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Review: monthly magazine ニュースがわかる

In this post, I want to talk about an online magazine that can be great for language learners who want to practise reading in Japanese or who want to get into reading the news in Japanese.

『ニュースがわかる』 is a monthly magazine for secondary and high school readers published by Mainichi. The entire magazine has complete furigana and many illustrations/pictures in colours. Articles are mainly about social, political issues but you will find a bit of everything, including culture, environment, science…

The subscription for the digital version costs 255 yen per month (490 for the paper version), and each new issue comes out around the 15th of the previous month. Once you have subscribed, you can read the digital version of the magazine either on Mainichi website or by using the app (available on Google Play and the App Store).

You can see the table of contents for each issue here, and you will find information about the digital version here.

I subscribed in July, so this is my review after reading 3 issues of the magazine.

About the magazine

The magazine has 45 pages in colour with a lot of illustrations (pictures, drawings, graphs, maps, etc.). You will find complete furigana throughout the magazine.

Most articles are related to topical issues (mostly concerning Japan, but there are international news too) or general knowledge, but they are not strictly speaking news articles. For example, Tokyo gubernatorial elections took place on July 5th. The magazine of August contains an article that explains the role of the governor in the fight against the coronavirus. This kind of topic allows the reader to feel close to current affairs while building their general knowledge and social awareness.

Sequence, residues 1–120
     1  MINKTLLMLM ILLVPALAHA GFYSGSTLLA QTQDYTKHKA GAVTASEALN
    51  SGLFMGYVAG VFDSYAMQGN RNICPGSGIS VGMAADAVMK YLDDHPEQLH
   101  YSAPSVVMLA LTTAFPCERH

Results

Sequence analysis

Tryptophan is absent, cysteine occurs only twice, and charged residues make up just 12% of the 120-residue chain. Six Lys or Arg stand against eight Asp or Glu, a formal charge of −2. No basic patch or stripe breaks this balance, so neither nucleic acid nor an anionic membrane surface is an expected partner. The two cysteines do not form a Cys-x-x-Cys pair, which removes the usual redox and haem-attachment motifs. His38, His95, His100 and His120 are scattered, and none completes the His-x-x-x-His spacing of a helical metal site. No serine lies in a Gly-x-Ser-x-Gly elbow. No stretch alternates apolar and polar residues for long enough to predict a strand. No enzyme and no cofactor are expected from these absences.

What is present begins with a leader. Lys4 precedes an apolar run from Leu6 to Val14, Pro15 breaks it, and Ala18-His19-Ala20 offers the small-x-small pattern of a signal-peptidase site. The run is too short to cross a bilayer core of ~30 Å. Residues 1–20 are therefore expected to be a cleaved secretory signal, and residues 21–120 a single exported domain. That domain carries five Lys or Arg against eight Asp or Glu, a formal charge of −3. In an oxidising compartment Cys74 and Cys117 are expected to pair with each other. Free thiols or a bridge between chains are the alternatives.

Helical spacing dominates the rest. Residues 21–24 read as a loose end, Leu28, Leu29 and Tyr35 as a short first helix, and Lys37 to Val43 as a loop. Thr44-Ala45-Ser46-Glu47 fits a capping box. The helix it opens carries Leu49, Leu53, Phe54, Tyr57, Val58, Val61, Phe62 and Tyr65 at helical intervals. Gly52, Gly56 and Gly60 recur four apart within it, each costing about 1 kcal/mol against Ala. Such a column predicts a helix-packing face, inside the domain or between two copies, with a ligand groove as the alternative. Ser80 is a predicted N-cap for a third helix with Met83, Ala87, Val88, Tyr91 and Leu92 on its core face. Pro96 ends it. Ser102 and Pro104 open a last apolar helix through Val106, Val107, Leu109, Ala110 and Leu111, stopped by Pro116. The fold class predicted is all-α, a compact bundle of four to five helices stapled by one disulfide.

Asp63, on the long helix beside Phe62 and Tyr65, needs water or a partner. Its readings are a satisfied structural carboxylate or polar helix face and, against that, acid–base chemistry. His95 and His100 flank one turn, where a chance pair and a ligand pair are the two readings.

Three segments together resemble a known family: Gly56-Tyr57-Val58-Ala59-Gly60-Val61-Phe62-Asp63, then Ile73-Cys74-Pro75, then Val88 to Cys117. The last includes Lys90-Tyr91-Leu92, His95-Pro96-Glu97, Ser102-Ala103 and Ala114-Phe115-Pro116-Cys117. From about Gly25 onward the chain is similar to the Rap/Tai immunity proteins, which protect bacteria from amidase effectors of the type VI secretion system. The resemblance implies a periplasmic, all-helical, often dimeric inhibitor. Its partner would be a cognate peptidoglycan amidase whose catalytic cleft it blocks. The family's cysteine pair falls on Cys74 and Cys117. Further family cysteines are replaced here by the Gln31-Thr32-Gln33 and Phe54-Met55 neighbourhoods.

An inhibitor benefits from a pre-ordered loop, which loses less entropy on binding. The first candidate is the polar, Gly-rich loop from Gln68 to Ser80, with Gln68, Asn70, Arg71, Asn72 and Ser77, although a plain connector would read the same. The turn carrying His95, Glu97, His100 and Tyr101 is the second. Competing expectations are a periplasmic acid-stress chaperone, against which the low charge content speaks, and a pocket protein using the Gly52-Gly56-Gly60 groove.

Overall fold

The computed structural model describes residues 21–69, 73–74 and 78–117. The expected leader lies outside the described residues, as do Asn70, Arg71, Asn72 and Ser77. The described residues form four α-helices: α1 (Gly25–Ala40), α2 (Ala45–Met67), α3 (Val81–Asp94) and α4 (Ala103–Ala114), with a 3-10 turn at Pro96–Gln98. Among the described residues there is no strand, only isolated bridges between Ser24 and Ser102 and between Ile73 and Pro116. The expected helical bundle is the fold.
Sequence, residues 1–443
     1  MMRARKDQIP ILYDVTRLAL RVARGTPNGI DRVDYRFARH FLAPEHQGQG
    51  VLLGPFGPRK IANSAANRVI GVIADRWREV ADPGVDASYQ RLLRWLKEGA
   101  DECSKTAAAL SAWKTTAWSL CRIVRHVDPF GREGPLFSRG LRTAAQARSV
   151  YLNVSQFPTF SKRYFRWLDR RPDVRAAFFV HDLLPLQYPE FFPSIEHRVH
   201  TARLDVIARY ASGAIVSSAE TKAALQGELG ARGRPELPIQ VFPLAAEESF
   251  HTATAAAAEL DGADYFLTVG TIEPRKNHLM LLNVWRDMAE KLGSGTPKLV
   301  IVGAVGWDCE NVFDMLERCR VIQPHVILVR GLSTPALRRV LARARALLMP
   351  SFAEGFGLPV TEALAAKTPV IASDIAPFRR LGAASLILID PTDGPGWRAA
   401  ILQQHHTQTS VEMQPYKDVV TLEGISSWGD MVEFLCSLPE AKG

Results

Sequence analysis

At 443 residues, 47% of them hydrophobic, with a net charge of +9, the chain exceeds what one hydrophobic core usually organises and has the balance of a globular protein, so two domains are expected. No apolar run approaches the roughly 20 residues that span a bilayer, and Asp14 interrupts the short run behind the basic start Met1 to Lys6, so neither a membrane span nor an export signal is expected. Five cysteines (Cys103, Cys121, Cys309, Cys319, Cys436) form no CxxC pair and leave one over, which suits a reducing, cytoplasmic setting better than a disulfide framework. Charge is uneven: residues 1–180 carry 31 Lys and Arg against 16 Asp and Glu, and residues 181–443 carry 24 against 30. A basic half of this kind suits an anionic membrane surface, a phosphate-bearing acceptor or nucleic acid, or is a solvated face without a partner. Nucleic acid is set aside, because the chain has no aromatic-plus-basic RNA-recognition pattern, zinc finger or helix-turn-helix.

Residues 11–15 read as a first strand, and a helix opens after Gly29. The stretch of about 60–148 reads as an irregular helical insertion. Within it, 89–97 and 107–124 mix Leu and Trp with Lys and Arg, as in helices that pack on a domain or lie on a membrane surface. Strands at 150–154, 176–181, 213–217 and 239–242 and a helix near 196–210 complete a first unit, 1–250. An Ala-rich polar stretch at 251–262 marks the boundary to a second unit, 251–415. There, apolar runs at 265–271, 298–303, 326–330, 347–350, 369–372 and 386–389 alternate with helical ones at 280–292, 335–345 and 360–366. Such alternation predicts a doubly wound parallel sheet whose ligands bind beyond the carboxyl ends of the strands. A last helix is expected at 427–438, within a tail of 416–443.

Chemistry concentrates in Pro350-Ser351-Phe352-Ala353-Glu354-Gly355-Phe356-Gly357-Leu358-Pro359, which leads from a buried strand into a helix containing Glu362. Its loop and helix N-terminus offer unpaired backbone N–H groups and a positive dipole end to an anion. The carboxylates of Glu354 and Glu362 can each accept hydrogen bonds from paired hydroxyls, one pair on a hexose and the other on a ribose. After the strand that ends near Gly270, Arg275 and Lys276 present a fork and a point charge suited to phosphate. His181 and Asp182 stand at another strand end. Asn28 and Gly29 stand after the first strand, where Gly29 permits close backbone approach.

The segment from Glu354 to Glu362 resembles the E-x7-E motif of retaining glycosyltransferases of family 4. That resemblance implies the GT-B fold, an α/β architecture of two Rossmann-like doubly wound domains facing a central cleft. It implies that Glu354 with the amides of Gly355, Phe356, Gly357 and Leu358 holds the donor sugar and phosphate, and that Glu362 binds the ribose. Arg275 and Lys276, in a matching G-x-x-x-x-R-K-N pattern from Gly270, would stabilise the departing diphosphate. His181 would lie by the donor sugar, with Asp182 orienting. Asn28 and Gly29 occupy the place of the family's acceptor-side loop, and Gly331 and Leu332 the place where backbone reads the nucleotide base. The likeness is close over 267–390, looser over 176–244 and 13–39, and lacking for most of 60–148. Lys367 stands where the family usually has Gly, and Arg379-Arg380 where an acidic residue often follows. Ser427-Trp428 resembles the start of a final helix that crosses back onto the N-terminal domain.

Most articles are about social issues but there are also pages on politics, foreign policies, environment, culture, science… I personally found each article I read to be very interesting, and I am always learning things while practising my reading.

Apart from articles, there are also manga, quiz, and a section that goes through the main news of the previous month.

An example of the pages layout

I find that the difficulty level of articles varies a little (for example, the news section is more difficult than the main articles), but overall, I would say that it is a good reading material for N2 levels and a good study material for N3. With N1, you will certainly find the magazine overall relatively easy to read, but specialised topics can bring you new vocabulary:

  • N3: The magazine will be challenging, but it makes for a good study material and a good source of new vocabulary, especially if you are interested in social issues.
  • N2: I think that the language level of the magazine is perfect for N2 students, it can also helps you start reading news articles in Japanese.
  • N1: Makes for a good reading practice and a good way to stay in touch with topical issues in Japan.

I really wished that I had found this magazine sooner because I have always been looking for reading resources that would be both easy enough to fit my language level and interesting enough to keep me reading. Materials for adults might be too difficult, but materials for children are often uninteresting to me. This magazine is right in the good spot: easier to read than news to adults, but still tackles topics that are of interest for an adult readership.